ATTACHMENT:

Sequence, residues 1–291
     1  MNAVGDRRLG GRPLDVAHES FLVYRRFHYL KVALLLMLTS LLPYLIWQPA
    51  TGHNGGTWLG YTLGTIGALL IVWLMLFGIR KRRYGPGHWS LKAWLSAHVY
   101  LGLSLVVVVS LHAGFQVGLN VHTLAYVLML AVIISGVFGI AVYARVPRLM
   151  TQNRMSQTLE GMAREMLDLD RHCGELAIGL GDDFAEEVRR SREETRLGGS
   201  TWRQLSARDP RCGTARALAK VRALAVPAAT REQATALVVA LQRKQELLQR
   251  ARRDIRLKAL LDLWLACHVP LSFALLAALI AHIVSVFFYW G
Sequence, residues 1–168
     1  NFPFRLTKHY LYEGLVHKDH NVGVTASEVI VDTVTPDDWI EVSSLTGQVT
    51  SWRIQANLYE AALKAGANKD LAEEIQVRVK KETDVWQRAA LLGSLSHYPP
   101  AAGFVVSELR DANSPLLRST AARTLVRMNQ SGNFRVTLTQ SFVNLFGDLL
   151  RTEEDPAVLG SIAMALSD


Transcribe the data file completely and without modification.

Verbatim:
Sequence, residues 1–291
     1  MNAVGDRRLG GRPLDVAHES FLVYRRFHYL KVALLLMLTS LLPYLIWQPA
    51  TGHNGGTWLG YTLGTIGALL IVWLMLFGIR KRRYGPGHWS LKAWLSAHVY
   101  LGLSLVVVVS LHAGFQVGLN VHTLAYVLML AVIISGVFGI AVYARVPRLM
   151  TQNRMSQTLE GMAREMLDLD RHCGELAIGL GDDFAEEVRR SREETRLGGS
   201  TWRQLSARDP RCGTARALAK VRALAVPAAT REQATALVVA LQRKQELLQR
   251  ARRDIRLKAL LDLWLACHVP LSFALLAALI AHIVSVFFYW G
Sequence, residues 1–168
     1  NFPFRLTKHY LYEGLVHKDH NVGVTASEVI VDTVTPDDWI EVSSLTGQVT
    51  SWRIQANLYE AALKAGANKD LAEEIQVRVK KETDVWQRAA LLGSLSHYPP
   101  AAGFVVSELR DANSPLLRST AARTLVRMNQ SGNFRVTLTQ SFVNLFGDLL
   151  RTEEDPAVLG SIAMALSD